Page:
2021 NFL Draft Scouting Report: Nick Bolton

2021 NFL Draft Scouting Report: Nick Bolton

by January 27, 2021 0 comments

Nick Bolton brings the heat when it comes to highlights: big hits, flying ankle tackles, and more. His unbelievable hit power will keep audiences, not to mention players, always on the lookout for his next tackle attempt. With some major red flags in his tackling consistency, there are unfortunately some unforgettable negatives that keep him out of contention from being a top-tier linebacker. Fortunately for Bolton, the 2021 NFL Draft lacks talent at the top of the linebacker class. He nicely slots in as a guaranteed top five, if not top three linebackers in this year’s class. 

Make sure to check out all of our other 2021 NFL Draft Scouting Reports.

Player Bio

Name: Nick Bolton 

Jersey: #32

Position: Linebacker

School: Missouri

Class: Junior 

Height: 6’0”

Weight: 232 lbs

Tackling (5.0/10) 

This is a big shocker. A consistent theme with a majority of these categories will be that he is hot or cold when it comes to each trait. There are moments where Bolton wraps up with peak NFL tackling form, and he brings down even the mightiest of college running backs (especially Najee Harris). On the other hand, a consistent red flag was sliding off of guys, as well as missing ankle tackles. These issues have reasoning that is cause for concern, which will be discussed in more categories than this one. A five may appear low, but on this scale, it is just pure average. When a player flashes nine but consistently shows two, the score must remain a solid five.

Hit strength (8.75/10) 

Watch out, everybody. Bolton will stop anyone in their tracks. Yes, anyone. Harris, Zamir White, name a power back, and he can stop them. Time after time, Bolton stuffs players at the goal line. If his tackling were more consistent, he might be considered as a top-two linebacker for this class.

Run Defense (7.25/10) 

When Bolton reads the hole correctly, he uses his hit power to deny any possibility of running through him (hopefully he can make the tackle, too). A solid percentage of the time (say 60 percent), he can make a play. This is why Bolton makes so many tackles every game. This is his strong suit in comparison to his coverage, which will be discussed later.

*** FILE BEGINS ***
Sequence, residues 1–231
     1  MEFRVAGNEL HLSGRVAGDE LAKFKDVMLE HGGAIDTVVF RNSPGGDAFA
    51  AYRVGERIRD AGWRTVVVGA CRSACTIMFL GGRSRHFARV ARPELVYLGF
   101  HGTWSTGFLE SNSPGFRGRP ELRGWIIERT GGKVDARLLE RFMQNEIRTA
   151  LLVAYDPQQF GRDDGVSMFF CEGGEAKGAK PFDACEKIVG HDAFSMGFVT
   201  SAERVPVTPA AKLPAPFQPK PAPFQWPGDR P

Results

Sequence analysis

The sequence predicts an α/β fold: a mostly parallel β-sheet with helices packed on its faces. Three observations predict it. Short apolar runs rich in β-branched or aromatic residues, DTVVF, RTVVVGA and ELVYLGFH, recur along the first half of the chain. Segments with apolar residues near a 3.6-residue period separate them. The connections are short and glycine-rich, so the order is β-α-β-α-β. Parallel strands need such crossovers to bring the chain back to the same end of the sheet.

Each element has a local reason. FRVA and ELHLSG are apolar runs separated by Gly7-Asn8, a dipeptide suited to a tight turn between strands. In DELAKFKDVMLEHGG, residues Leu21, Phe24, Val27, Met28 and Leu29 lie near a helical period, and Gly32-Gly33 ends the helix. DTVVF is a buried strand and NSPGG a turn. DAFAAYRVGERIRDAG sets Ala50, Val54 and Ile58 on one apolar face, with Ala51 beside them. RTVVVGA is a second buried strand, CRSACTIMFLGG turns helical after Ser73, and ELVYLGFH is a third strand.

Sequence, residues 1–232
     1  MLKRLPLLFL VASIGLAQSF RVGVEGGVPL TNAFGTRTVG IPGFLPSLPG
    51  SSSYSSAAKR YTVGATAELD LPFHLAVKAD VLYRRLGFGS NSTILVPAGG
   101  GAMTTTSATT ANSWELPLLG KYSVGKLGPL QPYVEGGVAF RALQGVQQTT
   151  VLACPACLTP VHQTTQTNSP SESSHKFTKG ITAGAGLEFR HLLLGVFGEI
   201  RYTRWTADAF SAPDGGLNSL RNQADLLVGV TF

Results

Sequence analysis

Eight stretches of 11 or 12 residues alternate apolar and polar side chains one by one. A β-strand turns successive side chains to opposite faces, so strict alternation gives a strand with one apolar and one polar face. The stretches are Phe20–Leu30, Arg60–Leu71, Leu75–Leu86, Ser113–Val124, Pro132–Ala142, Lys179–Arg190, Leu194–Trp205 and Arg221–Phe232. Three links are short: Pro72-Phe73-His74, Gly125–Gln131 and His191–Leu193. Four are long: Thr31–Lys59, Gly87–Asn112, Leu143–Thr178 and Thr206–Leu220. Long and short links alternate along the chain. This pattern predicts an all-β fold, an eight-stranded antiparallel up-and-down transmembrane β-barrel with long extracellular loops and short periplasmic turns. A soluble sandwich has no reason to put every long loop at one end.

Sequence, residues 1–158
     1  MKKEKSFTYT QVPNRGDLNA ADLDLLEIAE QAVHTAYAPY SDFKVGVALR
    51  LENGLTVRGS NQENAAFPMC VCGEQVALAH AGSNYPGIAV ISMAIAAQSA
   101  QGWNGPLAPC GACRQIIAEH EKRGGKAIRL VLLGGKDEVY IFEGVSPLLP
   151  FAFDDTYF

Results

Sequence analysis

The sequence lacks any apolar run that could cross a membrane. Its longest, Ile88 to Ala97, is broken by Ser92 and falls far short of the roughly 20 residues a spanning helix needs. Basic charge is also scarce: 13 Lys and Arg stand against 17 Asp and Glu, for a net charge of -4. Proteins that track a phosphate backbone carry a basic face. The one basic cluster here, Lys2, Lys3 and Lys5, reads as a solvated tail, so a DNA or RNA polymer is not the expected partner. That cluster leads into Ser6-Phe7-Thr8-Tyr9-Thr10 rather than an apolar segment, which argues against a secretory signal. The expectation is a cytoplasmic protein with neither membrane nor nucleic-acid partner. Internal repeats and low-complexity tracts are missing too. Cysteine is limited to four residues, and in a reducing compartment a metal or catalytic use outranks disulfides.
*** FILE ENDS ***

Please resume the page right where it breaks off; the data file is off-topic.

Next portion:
Pursuit (7.0/10) 

Was it mentioned that Bolton would be hit or miss multiple times? Well, here is another spot where he is spot on or embarrassingly off. Bolton shows flashes of greatness: a player with greater athleticism than him may bend a corner when engaged with another player, and Bolton will adjust his course to ensure a breakaway cannot happen. On the other hand, there are many instances that his pursuit angles are painfully off, and he has to readjust, which leads to the missed ankle tackles, as were mentioned earlier. Players always make mistakes regardless of who they are, but not many great ones make this fall from top-5 talent to round-5 talent.

Vision (6.5/10) 

This is hit or miss, once again. At points, Bolton will fly through the hole in a way that few others his age could dream of; however, there are many instances on tape that show how he can get completely lost if not choose the wrong side of the field to pursue (yes, this did happen a noticeable amount of times). Sometimes it looked as if Trent Richardson’s eyes gave Bolton’s eyes a break for a play or two. It is hard to wrap any form of understanding around this bipolar nature with his vision.

Coverage (4.5/10)